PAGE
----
Having picked up this book on the off-chance, read it and loved it, I wanted to see what other people thought. Well, it seems that a good half of them hated it. This amazed me but also made me wonder whether it was a sign that the author was doing something right. The consistent five star novels out there have their fans and seem to elicit adulation on the one hand and indifference on the other. Whatever the truth, for me this was an exhilarating experience - I'd got(ten) used to the idea of the American novel (which still can't shake itself free of the Great American Novel cliché -there isn't a Great Moldovan Novel, is there?) - being a sprawling exercise in humo(u)rless literary machismo. For me this was light, funny, observant and populated by beautifully-drawn characters. Even though it's precisely located in history at the end of the dotcom bubble of the late 90s, it hasn't dated. It didnt succumb to the temptation to introduce anything more murderous than a sacking ('walking Spanish down the hall'), yet was the sort of novel that hooks you on the first page and on the second page tells you 'you were right to be hooked' and on the fifteenth page says to you 'you know, you might actually have stumbled on something that will still be read in twenty-five years' - and by the end leaves you with a sense of space and freedom and a sense of admiration that has long ago ceased to be reluctant. It is even unfettered by its obvious desire to be sprawling and magisterial and American. For a first novel it is daringly original, and the virtuosic playing with narrative viewpoint signified by the fantastic title (taken from Don Delillo) is not just restricted to the use of the first person plural. I was concerned in the beginning that the sense of paradox inherited from Heller would dominate the book, but it was a short-lived worry. How anyone could have found this dull is beyond me.
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Most Recent Customer Reviews
5.0 out of 5 stars Like Philip Glass music -- repetitive, but lulling you into the rhythm...
As I read, I initially kept reading, because of the humour. Ferris tells you what you do, and you laugh in recognition of what you weren't even consciously acknowledging (like the... Read more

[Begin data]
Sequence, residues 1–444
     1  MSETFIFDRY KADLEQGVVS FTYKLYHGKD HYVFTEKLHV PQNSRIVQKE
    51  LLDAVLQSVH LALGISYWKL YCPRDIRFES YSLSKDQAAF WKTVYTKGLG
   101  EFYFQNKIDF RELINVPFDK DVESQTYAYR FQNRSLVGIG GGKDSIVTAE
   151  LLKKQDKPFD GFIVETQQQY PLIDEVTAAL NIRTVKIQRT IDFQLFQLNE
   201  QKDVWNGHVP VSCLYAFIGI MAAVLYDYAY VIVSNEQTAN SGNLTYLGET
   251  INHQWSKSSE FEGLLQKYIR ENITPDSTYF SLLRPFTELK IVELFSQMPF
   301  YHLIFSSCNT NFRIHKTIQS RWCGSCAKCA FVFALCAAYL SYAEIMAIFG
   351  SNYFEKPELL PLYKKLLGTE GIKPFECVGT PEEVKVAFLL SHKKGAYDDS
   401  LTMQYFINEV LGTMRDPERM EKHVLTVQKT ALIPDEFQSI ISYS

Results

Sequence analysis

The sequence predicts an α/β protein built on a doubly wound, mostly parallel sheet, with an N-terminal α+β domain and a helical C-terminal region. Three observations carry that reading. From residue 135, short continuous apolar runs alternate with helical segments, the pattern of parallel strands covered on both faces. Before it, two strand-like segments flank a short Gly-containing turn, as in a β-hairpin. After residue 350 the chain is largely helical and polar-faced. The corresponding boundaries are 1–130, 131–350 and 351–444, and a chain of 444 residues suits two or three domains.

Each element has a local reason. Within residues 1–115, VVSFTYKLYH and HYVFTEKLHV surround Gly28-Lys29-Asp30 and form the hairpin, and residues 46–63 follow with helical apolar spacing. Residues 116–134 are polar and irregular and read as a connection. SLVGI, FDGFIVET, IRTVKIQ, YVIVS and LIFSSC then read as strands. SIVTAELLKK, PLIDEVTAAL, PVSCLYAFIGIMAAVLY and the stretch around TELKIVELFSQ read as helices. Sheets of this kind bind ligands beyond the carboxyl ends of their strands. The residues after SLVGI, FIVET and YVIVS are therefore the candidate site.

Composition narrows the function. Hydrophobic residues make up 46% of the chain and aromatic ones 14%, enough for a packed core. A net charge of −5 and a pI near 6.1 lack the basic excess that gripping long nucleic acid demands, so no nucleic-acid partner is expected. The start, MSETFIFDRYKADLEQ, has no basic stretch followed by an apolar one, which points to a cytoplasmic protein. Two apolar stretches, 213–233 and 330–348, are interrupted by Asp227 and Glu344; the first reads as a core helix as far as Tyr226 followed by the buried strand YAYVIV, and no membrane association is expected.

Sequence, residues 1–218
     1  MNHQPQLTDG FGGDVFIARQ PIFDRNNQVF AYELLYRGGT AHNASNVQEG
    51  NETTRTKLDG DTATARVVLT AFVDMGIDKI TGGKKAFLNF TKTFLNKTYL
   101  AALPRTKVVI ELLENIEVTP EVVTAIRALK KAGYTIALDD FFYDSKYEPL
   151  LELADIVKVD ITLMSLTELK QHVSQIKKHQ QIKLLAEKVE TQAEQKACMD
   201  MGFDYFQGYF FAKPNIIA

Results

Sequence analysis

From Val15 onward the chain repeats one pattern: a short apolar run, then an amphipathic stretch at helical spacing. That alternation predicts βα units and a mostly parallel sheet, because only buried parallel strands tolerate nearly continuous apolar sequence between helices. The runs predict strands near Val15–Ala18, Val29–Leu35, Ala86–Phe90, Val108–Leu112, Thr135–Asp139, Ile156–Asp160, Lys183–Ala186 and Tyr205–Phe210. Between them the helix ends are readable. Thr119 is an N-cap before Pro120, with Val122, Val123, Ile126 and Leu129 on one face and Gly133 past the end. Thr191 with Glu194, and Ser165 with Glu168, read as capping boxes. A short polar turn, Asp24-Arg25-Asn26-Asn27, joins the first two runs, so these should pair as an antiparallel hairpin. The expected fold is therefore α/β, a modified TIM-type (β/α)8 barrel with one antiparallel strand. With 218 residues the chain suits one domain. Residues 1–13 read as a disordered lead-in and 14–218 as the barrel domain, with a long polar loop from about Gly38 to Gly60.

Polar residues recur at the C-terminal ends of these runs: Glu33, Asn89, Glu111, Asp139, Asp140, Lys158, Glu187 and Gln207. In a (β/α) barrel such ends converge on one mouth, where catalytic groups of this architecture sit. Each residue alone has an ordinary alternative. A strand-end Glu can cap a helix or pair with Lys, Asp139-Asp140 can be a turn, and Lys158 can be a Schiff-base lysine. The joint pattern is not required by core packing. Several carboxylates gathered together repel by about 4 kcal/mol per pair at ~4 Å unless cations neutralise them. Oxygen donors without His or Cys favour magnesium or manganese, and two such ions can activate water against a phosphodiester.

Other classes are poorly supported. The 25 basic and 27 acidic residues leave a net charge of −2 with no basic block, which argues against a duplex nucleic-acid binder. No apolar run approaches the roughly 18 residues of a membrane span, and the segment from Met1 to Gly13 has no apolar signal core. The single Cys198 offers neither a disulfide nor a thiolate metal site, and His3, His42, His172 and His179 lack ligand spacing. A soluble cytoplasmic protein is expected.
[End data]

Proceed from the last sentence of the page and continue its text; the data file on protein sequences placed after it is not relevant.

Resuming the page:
Published 2 months ago by Amy Boone
5.0 out of 5 stars This MIGHT be for you
The 2.8/5 review average might suggest to you that this is a mediocre novel. It is not.

It ticks the boxes of everything I like: black humour, farce, lots of characters,... Read more
Published 2 months ago by P. Mills
5.0 out of 5 stars Loved it
I read this book on recommendation of my teenage daughter. I found it very entertaining. Having worked in an office environment for over 30 years the level of friendship between... Read more
Published 3 months ago by D. Elliott
4.0 out of 5 stars Highly Promising Satire On Office Politics
This 2007 debut novel by Joshua Ferris is a remarkably assured piece of satirical writing – for me, the sort of amalgam that might have resulted if Joseph Heller had written... Read more
Published 3 months ago by Keith M
4.0 out of 5 stars Dark and Funny
The tale of a group of fractious co-workers at an a advertising agency that suffers hard times and has to let workers go. I learned new euphemisms for redundancy. Read more
Published 3 months ago by Andy
2.0 out of 5 stars high art
This is a story about the machinations in an advertising agency office. If you think that this subject could be quite boring then you would be absolutely correct and more so. Read more
Published 6 months ago by MissAnnThrop
5.0 out of 5 stars A must read for office workers
A great book for anyone working in an office. The characters are instantly recognisable and we find them in any office we work in. Read more
Published 10 months ago by Gillian Haag
4.0 out of 5 stars an enjoyable read - possibly not for everyone
There seem to be a lot of reviewers here who did not appreciate this book. It would not do for us all to like the same things, but I for one really enjoyed it. Read more
Published 13 months ago by Miss AL Holloway
1.0 out of 5 stars Boring!
This book was so pretentious and utterly un compelling. It's not often that I don't finish a book , but this was one of them. Read more
Published 14 months ago by Lovekatz
4.0 out of 5 stars When the boom went bust
This is set in an advertising agency in Chicago as the boom comes to an end. The agency is struggling to survive, people are being laid off regularly. "Who's next? Read more
Published 17 months ago by gerardpeter